We Need The Stimulation
Neurotypical people may only need the feeling of their buttin their chair to tell them where their body is. But for many autistic or otherwiseneurodivergent people, we need more. Autisticchildren and adults often need more input for our proprioceptive system to makesense of what its getting. Withoutenough proprioceptive input, our bodies may go limp and slouchy, we might leanon things, or we may appear clumsy because were not sure where our limbs are. When we actively seek proprioceptive information,we might run and jump, chew on things, play roughly, or generally have trouble beingstill.
Autistic people often have a similar need for vestibularinput we need a lot of information for this system to do its job. Low vestibular input will lead us to full-bodyrocking, spinning on foot or in chairs, or any kind of rhythmic movement. Some people who seek vestibular input may tendto always move quickly children may run, skip, or hop everywhere they go.
Jessicas Story Movement Sensitivity
Jessica has very low thresholds for movement. She doesnt like having her feet off the ground. This includes when she is lifted up into the air by adults. And if she is put on a swing. Therapist sometimes call this gravitational insecurity. Her parents learnt early on to keep her close to them when they lifted her up and that aeroplane games were not her favourite. She has been working her her occupational therapist to help to decrease her movement sensitivity.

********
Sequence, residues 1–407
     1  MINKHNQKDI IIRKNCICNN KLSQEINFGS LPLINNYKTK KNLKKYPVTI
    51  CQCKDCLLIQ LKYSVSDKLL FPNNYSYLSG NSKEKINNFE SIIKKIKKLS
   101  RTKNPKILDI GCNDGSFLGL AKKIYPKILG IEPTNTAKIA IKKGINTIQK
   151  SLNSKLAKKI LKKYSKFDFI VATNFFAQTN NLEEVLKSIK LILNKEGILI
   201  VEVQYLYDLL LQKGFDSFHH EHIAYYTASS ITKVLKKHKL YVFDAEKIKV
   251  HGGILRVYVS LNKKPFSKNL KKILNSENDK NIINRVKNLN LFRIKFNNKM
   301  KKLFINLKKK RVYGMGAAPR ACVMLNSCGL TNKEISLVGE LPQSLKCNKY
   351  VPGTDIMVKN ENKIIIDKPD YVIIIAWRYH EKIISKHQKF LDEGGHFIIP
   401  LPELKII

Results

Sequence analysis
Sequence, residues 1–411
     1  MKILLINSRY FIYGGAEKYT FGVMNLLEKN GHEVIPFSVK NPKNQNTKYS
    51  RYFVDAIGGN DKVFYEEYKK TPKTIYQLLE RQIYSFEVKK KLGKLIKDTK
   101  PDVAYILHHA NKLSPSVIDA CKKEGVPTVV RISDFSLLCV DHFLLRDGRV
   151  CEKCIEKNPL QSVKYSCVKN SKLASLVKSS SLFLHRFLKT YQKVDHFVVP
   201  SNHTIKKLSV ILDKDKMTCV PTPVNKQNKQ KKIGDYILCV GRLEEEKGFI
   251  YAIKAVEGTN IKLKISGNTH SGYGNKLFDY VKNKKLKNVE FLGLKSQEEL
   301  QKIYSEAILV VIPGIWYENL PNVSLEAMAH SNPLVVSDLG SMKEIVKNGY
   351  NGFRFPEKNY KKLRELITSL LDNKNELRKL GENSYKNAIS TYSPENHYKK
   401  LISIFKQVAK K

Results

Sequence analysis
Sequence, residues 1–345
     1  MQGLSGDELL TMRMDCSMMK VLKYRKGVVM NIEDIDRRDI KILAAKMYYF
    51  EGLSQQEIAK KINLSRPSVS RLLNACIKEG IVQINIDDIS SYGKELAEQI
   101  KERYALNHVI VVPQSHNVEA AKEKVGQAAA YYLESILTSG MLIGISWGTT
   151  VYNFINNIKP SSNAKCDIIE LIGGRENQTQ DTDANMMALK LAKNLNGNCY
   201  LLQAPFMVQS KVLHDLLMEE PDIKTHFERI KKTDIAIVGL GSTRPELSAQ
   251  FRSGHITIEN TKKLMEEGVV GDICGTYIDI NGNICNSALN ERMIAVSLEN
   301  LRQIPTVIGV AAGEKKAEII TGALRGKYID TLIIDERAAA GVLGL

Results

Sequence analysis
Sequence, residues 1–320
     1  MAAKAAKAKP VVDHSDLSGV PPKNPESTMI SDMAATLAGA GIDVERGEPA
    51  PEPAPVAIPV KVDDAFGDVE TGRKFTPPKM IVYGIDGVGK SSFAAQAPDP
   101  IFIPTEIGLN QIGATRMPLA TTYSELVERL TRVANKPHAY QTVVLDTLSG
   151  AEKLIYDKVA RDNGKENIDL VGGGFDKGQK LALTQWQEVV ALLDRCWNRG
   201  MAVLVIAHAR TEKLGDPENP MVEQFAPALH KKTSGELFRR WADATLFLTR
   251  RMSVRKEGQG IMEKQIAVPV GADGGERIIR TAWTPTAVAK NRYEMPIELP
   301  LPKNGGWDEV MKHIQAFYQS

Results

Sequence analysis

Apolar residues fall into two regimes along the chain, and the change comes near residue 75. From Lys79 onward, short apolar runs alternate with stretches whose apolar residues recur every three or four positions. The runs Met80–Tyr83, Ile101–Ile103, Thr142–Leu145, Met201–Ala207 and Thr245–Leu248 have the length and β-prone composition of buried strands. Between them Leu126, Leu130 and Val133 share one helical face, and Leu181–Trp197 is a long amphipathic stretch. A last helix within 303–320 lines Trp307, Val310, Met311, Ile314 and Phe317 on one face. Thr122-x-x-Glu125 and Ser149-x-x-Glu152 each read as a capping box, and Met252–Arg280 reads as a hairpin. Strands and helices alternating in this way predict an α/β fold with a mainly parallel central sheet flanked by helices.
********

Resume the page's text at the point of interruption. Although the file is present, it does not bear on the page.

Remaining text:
Swinging The Vestibular System And How Children Find Balance
Most of us take our senses, as well as our brain’s ability to process them seamlessly, for granted. Think about all that your senses must process in order to walk down a street or go outside: the movement of others around you, the cool breeze against your neck, the sound of conversation or traffic. Someone with a sensory processing disorder would struggle with the unpredictable movements of others around them, the sharp sting of the wind, or understanding where the voices or noises were coming from. The process of these activities coordinating in your brain is called sensory integration, and for many students with learning difficulties, targeted exercises can help.
What Is Vestibular Sensory Processing